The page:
In this episode of the Philosophy Hour at Literary Tales we offer a concise half-hour tour of the moral philosophy of Plutarch through the Parallel Lives and Moralia. We find Plutarch advocate a philosophy of intimacy, friendship, and moral progression.

A bust of Plutarch, the Greco-Roman philosophy of antiquity and the most famous man of letters in the 2nd century. He is best remembered for his biographical-history book The Parallel Lives and for his essays on politics, philosophy, and religion codified together as the Moralia.
A bust of the Athenian general and statesman Pericles. Pericles is one of the many famous leaders and heroes of antiquity in Plutarch’s Parallel Lives. Plutarch generally presents Pericles is a positive light for moral imitation.
A bust of the Roman statesman, senator, Marcus Cato – better known to us as Cato the Elder. Cato the Elder is among the figures included in the Parallel Lives. Plutarch, however, does not paint Cato in a hagiographic light. Plutarch implicitly criticizes some aspects of Cato while praising him in other areas of his life. The point is meant to make the reader think about moral virtues and flaws in human heroes and what we should properly imitate vs. what we should reject for the sake of our own souls. Plutarch found Cato’s family life worthy of emulation, but his treatment of animals and his insistence on the destruction of Carthage were less worthy of admiration.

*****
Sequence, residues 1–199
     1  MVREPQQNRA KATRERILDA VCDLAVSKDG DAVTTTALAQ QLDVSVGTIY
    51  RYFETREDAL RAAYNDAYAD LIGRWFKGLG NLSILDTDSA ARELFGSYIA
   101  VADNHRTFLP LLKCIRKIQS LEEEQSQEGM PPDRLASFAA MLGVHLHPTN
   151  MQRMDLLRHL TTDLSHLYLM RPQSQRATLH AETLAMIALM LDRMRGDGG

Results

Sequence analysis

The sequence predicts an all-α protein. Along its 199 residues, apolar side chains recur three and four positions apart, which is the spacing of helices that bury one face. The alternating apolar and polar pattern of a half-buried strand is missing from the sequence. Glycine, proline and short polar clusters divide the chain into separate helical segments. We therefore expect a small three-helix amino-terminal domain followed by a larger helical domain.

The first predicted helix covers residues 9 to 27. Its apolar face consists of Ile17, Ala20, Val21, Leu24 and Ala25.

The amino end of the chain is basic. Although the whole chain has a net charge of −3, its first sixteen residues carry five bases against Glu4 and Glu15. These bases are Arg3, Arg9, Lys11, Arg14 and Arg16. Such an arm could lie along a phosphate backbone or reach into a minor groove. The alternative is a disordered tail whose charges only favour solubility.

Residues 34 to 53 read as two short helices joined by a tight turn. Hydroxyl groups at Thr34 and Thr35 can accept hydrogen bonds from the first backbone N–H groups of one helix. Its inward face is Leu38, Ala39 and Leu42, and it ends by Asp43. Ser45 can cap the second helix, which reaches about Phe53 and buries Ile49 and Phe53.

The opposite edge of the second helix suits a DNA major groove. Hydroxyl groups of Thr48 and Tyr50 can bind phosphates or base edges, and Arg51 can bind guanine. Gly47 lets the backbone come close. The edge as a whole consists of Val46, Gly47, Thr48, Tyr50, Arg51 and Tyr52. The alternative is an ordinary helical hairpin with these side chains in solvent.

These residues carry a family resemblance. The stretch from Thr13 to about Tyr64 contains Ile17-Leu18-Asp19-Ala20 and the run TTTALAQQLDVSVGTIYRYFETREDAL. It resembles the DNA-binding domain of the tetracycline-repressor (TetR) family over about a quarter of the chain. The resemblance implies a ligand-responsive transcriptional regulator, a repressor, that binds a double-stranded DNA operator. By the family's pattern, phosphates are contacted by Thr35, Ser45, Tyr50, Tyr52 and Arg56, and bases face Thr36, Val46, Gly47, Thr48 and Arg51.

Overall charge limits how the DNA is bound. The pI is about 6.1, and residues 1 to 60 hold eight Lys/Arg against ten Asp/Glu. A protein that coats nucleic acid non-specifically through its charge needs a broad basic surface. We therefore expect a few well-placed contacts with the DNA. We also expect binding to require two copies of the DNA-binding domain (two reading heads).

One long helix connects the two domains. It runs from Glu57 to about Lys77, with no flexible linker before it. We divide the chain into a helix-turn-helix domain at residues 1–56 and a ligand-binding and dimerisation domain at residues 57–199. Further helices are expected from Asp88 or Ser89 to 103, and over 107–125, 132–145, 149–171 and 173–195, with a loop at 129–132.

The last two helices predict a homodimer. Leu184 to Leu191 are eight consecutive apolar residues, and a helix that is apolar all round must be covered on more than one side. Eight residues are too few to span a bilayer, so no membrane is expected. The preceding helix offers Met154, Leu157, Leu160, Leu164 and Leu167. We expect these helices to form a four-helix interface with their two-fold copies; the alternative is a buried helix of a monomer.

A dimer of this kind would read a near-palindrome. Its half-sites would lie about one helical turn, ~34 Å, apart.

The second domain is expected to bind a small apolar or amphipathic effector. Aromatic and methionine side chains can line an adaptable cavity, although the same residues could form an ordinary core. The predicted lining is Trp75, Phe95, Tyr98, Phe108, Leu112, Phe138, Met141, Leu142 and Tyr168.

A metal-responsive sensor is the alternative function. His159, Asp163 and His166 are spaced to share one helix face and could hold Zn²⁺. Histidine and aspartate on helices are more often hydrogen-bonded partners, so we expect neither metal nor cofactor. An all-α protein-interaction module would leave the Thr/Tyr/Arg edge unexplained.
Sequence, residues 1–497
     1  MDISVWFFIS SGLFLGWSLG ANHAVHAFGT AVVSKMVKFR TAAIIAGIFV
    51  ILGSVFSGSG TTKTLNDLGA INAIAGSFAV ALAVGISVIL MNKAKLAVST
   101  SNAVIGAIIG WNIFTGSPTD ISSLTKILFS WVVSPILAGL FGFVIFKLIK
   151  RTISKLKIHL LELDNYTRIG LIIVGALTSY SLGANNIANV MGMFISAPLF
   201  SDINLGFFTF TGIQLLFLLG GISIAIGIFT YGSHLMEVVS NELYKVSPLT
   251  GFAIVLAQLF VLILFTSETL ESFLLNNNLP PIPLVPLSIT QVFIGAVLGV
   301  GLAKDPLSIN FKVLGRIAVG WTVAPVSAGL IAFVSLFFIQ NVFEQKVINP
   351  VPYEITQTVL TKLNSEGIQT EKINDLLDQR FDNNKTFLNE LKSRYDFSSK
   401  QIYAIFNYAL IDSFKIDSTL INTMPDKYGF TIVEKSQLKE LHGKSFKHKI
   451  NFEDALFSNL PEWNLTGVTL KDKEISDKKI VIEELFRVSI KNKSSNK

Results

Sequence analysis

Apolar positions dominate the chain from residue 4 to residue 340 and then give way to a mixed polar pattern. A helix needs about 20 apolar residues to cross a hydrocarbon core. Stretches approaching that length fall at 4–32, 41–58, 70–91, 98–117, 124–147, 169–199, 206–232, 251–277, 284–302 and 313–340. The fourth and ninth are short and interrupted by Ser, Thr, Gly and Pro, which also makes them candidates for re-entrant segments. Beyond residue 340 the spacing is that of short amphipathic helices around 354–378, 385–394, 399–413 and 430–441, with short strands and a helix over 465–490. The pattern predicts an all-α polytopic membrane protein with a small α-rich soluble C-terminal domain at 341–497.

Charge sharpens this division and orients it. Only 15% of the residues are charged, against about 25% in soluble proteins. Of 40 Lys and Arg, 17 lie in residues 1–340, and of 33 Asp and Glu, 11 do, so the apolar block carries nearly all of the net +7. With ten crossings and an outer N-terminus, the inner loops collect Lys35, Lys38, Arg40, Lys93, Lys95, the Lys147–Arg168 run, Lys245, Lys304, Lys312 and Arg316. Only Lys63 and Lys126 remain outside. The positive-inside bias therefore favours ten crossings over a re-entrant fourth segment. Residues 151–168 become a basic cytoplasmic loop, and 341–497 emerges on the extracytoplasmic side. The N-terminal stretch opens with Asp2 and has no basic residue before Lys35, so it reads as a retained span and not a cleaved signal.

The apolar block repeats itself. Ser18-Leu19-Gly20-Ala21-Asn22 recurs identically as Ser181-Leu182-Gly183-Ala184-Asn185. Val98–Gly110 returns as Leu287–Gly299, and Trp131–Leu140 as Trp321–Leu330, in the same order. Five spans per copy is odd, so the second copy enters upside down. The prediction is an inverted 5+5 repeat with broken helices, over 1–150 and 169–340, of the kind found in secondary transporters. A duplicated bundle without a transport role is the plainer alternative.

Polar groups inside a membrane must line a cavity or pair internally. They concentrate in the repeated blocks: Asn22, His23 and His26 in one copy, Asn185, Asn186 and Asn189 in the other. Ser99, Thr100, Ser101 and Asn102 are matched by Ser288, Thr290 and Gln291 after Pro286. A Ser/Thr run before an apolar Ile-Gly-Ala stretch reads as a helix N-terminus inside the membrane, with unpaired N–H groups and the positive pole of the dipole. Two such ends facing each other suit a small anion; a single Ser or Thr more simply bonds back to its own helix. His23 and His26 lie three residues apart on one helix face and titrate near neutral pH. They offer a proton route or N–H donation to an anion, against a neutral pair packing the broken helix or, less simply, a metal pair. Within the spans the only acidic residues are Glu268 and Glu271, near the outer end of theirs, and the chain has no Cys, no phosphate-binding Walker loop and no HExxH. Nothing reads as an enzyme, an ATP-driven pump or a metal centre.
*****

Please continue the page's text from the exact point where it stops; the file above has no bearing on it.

A first century Roman fresco depicting a love scene between a man and woman. Love, friendship, and family life are among the major topics of the essays of the Moralia.
A fourth century marble sarcophagus now in the Musée de l’Arles et de la Provence depicting marriage rites between a Roman man and woman. Family relations is one of the major themes Plutarch writes about in the essays of the Moralia. Plutarch himself was married and had many children, but only one daughter who died as an infant. An entire essay was written to his wife concerning the death of their daughter.
A marble sarcophagus in the Vatican Museum depicting young women playing a game together. Friendship is another one of the important themes of the essays of the Moralia. Plutarch was a great exponent of man’s social nature and the need for intimacy in life.


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